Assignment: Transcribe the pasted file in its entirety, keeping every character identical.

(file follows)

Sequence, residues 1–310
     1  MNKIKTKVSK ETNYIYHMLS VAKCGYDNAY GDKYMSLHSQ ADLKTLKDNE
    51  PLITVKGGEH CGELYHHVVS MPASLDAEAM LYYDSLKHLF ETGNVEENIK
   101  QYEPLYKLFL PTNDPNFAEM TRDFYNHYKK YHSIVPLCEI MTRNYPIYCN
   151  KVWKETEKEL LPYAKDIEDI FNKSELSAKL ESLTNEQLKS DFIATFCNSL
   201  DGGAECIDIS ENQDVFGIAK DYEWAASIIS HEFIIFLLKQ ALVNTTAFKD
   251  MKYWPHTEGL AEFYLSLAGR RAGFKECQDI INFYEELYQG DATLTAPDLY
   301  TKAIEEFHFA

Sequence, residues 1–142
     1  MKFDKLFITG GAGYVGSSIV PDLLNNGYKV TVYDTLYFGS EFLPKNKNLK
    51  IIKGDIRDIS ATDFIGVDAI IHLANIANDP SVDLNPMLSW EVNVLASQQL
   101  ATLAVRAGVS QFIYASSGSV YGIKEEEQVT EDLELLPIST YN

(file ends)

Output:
Sequence, residues 1–310
     1  MNKIKTKVSK ETNYIYHMLS VAKCGYDNAY GDKYMSLHSQ ADLKTLKDNE
    51  PLITVKGGEH CGELYHHVVS MPASLDAEAM LYYDSLKHLF ETGNVEENIK
   101  QYEPLYKLFL PTNDPNFAEM TRDFYNHYKK YHSIVPLCEI MTRNYPIYCN
   151  KVWKETEKEL LPYAKDIEDI FNKSELSAKL ESLTNEQLKS DFIATFCNSL
   201  DGGAECIDIS ENQDVFGIAK DYEWAASIIS HEFIIFLLKQ ALVNTTAFKD
   251  MKYWPHTEGL AEFYLSLAGR RAGFKECQDI INFYEELYQG DATLTAPDLY
   301  TKAIEEFHFA

Sequence, residues 1–142
     1  MKFDKLFITG GAGYVGSSIV PDLLNNGYKV TVYDTLYFGS EFLPKNKNLK
    51  IIKGDIRDIS ATDFIGVDAI IHLANIANDP SVDLNPMLSW EVNVLASQQL
   101  ATLAVRAGVS QFIYASSGSV YGIKEEEQVT EDLELLPIST YN